Bleakest line: "Somebody in this camp isn't what he appears to be. Right now that may be one or two of us. By spring, it could be all of us." That's assuming anyone is still alive by then, of course.

5.17. Terminator 2: Judgment Day (1991)

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Everyone remembers this slam-bang action film as the movie that introduced computer-generated imagery to mainstream movies — dig the way Robert Patrick's T-1000 morphs and melts! — and had Arnold Schwarzenegger awkwardly quoting Janet Jackson for his quips. What most folks do not remember is that, while future savior of mankind John Connor isn't "terminated" by that sleek new model sent back in time to kill him, we're still headed for the Robotapocalypse: The no-future route hasn't been altered so much as merely maintained. Humanity is still headed for a showdown with those rebellious Skynet machines, and Linda Hamilton's survivalist mom is headed for the hills as the closing credits roll. It's a bitter victory.
Bleakest line: "Three billion human lives ended on August 29th, 1997. The survivors of the nuclear fire called the war Judgment Day; they lived only to face a new nightmare." On the plus side: No school, kids!

6.16. The Sixth Sense (1999)

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Intended to be a modest little ghost story from a gentleman whose only previous credit had been a Rosie O'Donnell movie, this supernatural thriller ended up turning M. Night Shyamalan into a hot-to-trot director, resuscitating Bruce Willis' career for the gajillionth time and becoming part of the cultural lexicon. For a movie that ended up becoming a surprise blockbuster, however, it's uncommonly dour, from its shadowy compositions to its slow-building sense of unease; even the rare shock moments don't feel like your typical horror-flick "gotcha!" pandering. And then there's that twist ending, which, well...you wouldn't really call the revelation that a major character has only been around in spirit an upbeat finish, would you?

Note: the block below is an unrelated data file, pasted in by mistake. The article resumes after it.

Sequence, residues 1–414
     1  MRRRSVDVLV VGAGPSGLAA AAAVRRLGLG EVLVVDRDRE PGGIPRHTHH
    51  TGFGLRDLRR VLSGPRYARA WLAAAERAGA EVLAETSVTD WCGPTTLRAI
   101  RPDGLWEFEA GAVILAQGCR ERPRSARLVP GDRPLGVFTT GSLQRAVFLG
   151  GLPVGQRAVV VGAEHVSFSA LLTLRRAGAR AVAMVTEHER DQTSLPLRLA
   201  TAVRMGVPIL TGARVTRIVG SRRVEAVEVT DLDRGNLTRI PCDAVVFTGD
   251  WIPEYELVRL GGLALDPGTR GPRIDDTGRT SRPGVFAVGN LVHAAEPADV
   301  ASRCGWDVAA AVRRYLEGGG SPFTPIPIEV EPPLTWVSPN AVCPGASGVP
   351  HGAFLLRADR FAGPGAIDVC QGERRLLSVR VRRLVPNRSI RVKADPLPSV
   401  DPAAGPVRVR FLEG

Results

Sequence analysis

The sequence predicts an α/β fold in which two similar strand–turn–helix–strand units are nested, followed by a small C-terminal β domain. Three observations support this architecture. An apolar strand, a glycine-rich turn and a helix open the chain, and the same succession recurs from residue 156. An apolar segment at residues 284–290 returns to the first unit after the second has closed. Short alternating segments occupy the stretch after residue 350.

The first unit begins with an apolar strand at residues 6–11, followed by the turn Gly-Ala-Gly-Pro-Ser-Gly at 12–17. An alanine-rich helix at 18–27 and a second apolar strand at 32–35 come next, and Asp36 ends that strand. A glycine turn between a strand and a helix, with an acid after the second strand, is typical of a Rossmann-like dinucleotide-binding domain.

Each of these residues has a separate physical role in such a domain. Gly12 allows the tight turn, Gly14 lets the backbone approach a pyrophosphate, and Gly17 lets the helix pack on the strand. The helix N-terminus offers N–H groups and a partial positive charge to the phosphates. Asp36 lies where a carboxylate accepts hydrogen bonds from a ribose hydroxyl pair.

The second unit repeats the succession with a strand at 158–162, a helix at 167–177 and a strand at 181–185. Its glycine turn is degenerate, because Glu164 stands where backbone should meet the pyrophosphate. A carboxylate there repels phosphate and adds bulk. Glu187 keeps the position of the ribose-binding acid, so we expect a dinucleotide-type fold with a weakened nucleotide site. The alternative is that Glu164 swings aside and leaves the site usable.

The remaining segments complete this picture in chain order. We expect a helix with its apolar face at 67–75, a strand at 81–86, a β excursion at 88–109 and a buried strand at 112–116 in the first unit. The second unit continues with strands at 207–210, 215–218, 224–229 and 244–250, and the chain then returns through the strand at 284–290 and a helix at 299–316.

Bleakest line: "I see dead people." That was the tagline!

7.15. Saving Private Ryan (1998)

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Here's what D-Day usually looked like in the movies: soldiers gamely running up the beach, a few gunshots are fired, one or two grunts clutch their chests and fall down, then before you know it, victory is ours. Here's how Steven Spielberg presented the historic moment: a symphony of chaos, blood, guts, confusion, fear, dirt, death. This tale of sacrifice among a platoon of American troops in WWII kicks off with a re-creation of warfare that felt shockingly real; this is what dying on a battlefield really looks like, it told us, and it ain't pretty or neat. All the Greatest-Generation patriotism and Tom Hanks speechifying that follows is colored by that first sequence, hanging over the proceedings like a heavy shroud. It's a war movie and an anti-war movie all wrapped up in one.
Bleakest line: "We're not here to do the decent thing, we're here to follow fucking orders!" And those two things are almost mutually exclusive regarding life during wartime.

8.14. Interview with the Vampire (1994)